Despite increasing need to remediate beryllium-contaminated buildings in industry, little is known about the magnitude of risk associated with beryllium abatement or the merits of beryllium medical surveillance for cleanup workers. We examined beryllium lymphocyte proliferation tests and reviewed medical evaluations on workers at a nuclear weapons facility during the process of decontamination and decommissioning. Of 2221 workers, 19 (0.8%) were beryllium sensitized based on two or more abnormal beryllium lymphocyte proliferation tests. Eight of 19 sensitized individuals underwent full clinical evaluation, of whom two were diagnosed with chronic beryllium disease (CBD). Notably, seven beryllium sensitized and CBD cases were hired after the start of cleanup operations. Beryllium medical surveillance detects sensitization and CBD in cleanup workers. Exposure controls and medical surveillance need to be ‘broad-based’ to include all cleanup workers involved in beryllium-contaminated building remediation.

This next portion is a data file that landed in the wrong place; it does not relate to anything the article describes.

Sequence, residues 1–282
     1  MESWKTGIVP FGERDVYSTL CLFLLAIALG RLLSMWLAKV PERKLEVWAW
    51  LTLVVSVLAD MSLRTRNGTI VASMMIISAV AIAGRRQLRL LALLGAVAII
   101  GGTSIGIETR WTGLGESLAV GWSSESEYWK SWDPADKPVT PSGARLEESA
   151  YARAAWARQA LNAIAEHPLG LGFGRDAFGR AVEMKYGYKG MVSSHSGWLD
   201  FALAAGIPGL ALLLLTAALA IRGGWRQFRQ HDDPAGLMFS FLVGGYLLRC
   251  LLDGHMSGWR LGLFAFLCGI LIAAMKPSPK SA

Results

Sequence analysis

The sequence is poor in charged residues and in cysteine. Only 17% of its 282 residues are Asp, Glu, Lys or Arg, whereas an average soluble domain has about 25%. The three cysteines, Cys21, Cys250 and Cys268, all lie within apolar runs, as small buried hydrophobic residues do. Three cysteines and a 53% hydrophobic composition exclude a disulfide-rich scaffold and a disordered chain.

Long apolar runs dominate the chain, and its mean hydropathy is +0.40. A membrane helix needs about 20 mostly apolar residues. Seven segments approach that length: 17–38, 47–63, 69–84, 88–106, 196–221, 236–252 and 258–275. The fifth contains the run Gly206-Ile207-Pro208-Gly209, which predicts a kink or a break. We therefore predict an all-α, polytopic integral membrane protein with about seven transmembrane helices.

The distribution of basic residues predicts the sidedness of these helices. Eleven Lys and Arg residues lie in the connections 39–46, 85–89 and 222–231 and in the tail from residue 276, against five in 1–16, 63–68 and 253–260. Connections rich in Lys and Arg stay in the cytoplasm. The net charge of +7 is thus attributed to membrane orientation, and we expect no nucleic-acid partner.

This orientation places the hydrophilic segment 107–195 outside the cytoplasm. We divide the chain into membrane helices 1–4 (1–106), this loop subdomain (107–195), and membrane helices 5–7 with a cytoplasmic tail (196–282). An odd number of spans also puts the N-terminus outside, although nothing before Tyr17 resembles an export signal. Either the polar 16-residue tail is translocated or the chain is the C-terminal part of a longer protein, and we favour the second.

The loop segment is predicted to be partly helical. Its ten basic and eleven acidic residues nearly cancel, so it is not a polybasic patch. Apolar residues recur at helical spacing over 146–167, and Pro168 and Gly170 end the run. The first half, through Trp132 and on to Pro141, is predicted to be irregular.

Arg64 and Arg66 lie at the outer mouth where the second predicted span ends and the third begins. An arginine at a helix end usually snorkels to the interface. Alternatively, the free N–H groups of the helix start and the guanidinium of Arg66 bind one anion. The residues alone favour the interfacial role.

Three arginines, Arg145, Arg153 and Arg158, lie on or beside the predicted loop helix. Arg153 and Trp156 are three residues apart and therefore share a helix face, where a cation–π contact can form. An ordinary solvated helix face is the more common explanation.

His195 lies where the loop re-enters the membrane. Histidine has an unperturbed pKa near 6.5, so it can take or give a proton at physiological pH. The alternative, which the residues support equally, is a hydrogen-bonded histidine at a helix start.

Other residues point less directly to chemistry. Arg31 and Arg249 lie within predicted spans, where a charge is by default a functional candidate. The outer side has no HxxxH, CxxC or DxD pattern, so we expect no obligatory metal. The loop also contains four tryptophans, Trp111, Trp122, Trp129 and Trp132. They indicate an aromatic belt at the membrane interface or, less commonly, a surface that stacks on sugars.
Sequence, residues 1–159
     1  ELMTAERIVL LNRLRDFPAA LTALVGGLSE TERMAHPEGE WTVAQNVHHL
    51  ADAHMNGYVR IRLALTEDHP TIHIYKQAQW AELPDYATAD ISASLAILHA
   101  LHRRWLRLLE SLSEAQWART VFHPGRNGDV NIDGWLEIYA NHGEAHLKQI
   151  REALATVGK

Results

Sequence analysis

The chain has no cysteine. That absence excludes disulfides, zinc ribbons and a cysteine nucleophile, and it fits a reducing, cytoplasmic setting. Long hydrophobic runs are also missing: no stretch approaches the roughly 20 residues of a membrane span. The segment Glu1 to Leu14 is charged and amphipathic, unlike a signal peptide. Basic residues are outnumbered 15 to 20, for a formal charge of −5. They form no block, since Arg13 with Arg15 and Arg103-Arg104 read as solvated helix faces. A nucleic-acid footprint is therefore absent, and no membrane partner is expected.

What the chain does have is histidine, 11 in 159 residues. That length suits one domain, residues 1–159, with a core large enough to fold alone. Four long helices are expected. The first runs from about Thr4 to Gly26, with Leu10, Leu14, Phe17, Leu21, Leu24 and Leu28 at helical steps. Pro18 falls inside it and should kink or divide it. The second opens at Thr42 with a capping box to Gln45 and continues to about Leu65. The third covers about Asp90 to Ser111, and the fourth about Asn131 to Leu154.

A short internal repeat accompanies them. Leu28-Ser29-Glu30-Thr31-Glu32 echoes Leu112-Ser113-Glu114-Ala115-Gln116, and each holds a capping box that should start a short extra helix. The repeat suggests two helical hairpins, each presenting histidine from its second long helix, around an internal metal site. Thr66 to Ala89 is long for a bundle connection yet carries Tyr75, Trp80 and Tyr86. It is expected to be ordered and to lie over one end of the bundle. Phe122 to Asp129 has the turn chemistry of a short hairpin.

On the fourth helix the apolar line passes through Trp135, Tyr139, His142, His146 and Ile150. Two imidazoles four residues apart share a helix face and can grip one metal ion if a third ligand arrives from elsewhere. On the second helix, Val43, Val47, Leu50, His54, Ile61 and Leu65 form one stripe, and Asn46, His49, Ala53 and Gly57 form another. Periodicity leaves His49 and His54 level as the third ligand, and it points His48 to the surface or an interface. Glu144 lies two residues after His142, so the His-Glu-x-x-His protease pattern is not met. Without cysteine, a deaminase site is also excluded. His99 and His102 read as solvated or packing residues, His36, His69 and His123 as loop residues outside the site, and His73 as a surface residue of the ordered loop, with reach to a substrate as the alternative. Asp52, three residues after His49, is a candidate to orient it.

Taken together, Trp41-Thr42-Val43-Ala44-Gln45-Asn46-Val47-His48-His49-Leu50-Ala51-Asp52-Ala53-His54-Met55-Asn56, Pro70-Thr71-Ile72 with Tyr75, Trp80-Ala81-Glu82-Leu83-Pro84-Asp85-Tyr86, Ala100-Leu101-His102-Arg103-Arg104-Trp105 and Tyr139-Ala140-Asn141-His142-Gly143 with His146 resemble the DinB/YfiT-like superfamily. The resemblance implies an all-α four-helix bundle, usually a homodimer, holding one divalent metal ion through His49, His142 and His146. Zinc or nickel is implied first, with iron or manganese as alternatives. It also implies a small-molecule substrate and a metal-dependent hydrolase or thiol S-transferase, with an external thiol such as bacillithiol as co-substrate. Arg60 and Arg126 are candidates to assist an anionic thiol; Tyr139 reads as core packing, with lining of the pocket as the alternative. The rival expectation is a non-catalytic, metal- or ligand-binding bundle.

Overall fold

From the Division of Environmental and Occupational Health Sciences, National Jewish Medical and Research Center, Denver (Ms Sackett, Dr Maier, Ms Silveira, Ms Mroz, Dr Newman); Division of Biostatistics, National Jewish Medical and Research Center, Denver (Dr Murphy); School of Medicine, University of Colorado Health Sciences Center, Denver (Dr Maier, Dr Newman); and Department of Preventive Medicine and Biometrics, University of Colorado Health Sciences Center, Denver (Ms Sackett, Dr Ogden, Dr Murphy, Dr Newman).
Address correspondence to: Holly M. Sackett, Division of Environmental and Occupational Health Sciences, National Jewish Medical and Research Center, 1400 Jackson Street, Denver, CO 80206. E-mail: SackettH@njc.org.